Italian Marathon Branded 'Racist' After Banning African Competitors

The Trieste Running Fesitval in Italy has backflipped on its ban of African competitors from running in its half-marathon after outcry.

The half-marathon in Trieste, which will take place on May 5, was slammed as racist after announcing it was only open to European competitors.

Event organiser Fabio Carini defended the decision by claiming it was to avoid the "exploitation" of African competitors.

"This year we have decided only to take European athletes to make the point that measures must be taken to regulate what is currently a trade in high-value African athletes, who are purely and simply exploited, which is something we can no longer accept," he told Italian newspaper La Repubblica.

"Organisers barred only the top runners, the African professionals, from taking part to denounce unequal treatment.

"African athletes are not paid according to their real value."

Runners compete in the Paris Marathon. Image: Getty Images

An investigation by the Italian Athletics Federation (FIDAL) was opened to determine if its rules and regulations had been broken.

"With reference to the press reports and subsequent controversies concerning the Trieste Half Marathon, the Italian Athletics Federation informs that the federal prosecutor immediately opened an investigation to ascertain the facts and possible violations of its own rules and regulations committed by companies affiliated or FIDAL members," FIDAL said in a statement.

Italy's Deputy Prime Minister Luigi Di Maio described the decision as "folly" and called out event organisers for making the issue more serious.

"It is right to fight against the exploitation of African runners... but it is not done like this," he said.

"The issue is not addressed by excluding them from the race. In fact, the issue becomes more serious."

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Italian politician Isabella De Monte slammed the event's reason as a "shameless excuse" for discrimination.

"At the #Trieste Running Festival excluding African professional athletes! Sport becomes discrimination and disloyalty, with the approval of the major institutions, hidden behind the ignoble, shameless excuse of exploitation by managers," she tweeted.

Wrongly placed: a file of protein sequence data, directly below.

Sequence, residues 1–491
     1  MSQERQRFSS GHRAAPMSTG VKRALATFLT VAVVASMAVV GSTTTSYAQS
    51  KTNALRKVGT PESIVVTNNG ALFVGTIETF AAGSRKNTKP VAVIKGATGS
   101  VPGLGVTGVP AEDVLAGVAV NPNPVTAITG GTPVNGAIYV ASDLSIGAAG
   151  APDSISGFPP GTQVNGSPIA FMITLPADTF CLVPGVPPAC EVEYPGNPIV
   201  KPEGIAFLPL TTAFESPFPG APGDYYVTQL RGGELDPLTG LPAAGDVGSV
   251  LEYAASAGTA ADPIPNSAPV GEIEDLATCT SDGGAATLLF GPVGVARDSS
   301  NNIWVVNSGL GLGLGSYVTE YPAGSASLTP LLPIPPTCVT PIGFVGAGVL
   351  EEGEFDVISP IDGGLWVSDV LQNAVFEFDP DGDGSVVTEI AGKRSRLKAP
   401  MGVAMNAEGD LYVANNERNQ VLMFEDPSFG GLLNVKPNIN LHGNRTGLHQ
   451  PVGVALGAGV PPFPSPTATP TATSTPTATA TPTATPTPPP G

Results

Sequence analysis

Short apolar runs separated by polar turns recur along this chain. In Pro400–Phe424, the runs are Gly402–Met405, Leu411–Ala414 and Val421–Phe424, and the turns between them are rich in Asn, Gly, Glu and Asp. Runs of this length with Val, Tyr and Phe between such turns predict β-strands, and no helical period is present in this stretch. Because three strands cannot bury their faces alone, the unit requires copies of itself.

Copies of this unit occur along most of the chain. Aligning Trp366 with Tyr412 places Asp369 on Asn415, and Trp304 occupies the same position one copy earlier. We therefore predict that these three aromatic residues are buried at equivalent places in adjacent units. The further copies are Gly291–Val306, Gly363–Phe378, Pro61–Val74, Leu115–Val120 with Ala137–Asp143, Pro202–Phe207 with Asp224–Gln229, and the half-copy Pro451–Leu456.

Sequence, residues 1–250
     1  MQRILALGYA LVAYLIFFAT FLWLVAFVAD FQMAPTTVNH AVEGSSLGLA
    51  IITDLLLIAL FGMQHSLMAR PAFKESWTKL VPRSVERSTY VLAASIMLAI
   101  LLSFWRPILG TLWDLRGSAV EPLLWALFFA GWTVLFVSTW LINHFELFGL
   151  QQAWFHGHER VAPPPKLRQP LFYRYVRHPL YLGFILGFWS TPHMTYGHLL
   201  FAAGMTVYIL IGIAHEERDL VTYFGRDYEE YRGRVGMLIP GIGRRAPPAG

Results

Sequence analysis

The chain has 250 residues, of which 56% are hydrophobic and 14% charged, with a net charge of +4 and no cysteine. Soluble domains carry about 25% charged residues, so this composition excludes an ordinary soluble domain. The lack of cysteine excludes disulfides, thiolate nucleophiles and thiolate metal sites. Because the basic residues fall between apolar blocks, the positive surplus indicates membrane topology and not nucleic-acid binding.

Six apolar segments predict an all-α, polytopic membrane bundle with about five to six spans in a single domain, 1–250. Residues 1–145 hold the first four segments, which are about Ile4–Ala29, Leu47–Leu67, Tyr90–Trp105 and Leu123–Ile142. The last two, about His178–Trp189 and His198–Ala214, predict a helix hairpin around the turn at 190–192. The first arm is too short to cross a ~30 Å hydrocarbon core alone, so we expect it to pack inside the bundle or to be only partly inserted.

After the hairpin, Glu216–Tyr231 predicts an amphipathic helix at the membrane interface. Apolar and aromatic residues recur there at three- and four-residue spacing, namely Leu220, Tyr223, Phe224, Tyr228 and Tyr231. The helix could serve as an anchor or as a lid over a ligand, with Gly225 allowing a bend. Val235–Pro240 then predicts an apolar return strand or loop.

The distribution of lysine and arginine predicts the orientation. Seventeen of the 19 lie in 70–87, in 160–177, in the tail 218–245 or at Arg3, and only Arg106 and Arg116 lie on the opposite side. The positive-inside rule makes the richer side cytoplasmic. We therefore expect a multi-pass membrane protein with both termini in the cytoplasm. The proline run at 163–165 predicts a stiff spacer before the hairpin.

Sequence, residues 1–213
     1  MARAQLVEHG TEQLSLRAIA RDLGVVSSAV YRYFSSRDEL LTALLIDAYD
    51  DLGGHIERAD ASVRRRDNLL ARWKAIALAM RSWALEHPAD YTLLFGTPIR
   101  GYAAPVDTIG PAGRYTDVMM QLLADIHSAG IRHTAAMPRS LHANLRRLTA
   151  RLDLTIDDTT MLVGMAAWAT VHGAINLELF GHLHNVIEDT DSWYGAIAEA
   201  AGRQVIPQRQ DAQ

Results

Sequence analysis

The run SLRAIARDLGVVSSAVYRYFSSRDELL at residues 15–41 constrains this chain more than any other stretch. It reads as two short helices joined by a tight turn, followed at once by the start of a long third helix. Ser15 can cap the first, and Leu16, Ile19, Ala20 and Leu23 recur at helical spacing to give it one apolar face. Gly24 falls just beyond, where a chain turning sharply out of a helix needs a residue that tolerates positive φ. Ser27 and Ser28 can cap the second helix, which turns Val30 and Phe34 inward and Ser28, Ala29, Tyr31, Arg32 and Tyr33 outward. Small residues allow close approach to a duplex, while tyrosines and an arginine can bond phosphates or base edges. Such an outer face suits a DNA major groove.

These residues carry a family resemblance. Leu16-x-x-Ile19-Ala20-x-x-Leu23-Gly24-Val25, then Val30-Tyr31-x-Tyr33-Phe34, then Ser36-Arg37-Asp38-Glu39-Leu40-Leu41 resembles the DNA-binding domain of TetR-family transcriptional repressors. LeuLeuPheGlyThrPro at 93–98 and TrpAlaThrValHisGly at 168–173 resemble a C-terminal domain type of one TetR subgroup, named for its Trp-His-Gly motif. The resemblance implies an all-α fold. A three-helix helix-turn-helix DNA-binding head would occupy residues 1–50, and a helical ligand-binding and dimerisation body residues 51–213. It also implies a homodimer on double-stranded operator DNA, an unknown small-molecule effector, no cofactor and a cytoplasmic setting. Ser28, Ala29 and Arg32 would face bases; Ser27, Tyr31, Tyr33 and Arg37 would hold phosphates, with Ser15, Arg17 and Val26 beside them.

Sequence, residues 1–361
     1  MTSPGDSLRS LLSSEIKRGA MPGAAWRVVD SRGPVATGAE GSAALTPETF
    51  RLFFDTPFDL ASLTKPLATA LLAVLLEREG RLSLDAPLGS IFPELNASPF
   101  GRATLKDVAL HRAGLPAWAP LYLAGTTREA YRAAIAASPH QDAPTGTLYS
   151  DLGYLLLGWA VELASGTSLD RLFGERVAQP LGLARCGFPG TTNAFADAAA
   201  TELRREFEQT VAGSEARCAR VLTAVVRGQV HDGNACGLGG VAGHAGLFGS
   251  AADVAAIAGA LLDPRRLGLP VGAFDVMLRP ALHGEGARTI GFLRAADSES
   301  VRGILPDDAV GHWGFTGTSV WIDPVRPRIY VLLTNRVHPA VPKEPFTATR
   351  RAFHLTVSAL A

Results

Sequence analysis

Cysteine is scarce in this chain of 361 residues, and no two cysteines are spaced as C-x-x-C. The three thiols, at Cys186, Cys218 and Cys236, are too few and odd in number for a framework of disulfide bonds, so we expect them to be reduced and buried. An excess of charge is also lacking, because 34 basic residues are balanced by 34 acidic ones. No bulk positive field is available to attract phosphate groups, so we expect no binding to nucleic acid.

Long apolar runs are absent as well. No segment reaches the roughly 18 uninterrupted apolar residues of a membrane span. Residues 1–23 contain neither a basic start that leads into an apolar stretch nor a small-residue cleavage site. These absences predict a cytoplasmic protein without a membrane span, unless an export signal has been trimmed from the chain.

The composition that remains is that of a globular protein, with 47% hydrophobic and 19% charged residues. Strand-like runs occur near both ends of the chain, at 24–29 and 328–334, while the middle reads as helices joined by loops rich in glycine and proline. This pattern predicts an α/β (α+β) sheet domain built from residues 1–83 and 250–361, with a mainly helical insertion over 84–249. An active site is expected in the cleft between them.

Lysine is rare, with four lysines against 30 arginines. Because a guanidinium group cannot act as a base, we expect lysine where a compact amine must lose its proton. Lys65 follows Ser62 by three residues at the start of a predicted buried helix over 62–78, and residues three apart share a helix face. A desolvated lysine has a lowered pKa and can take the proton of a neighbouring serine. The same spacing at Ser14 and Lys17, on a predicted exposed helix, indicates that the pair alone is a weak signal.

However, event organisers have backflipped on their decision, and will now allow African runners to take part.

But still running the line of exploitation, Carini claimed the original decision highlighted the "hypocrisy" that is ignored by the wider industry.

"I recognise that we should have raised the problem in different times and ways, and that is what we will do," he said.

"I am sorry for the reactions that this choice has raised, I apologise to those who have honestly felt offended but I certainly do not agree with the political exploitation that are been done."

Racism in Italian sport is an ongoing problem, with a number of high-profile incidences in football in recent months.

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On Wednesday night, Lazio fans chanted racist slogans at AC Milan's Tiemoue Bakayoko.

"This banana is for Bakayoko" was heard around the stadium and inflatable bananas were spotted.

Weeks earlier, Juventus defender Leonardo Bonucci was slammed after claiming teammate Moise Kean was partly to blame for racism during a match against Calgiari.

“Kean knows that when he scores a goal, he has to focus on celebrating with his team-mates,” Bonucci told Sky Italia.

“I think the blame is 50-50, because Moise shouldn’t have done that and the Curva (Calgiari supporters) should not have reacted that way."

Bonucci has since claimed his comments were "misunderstood".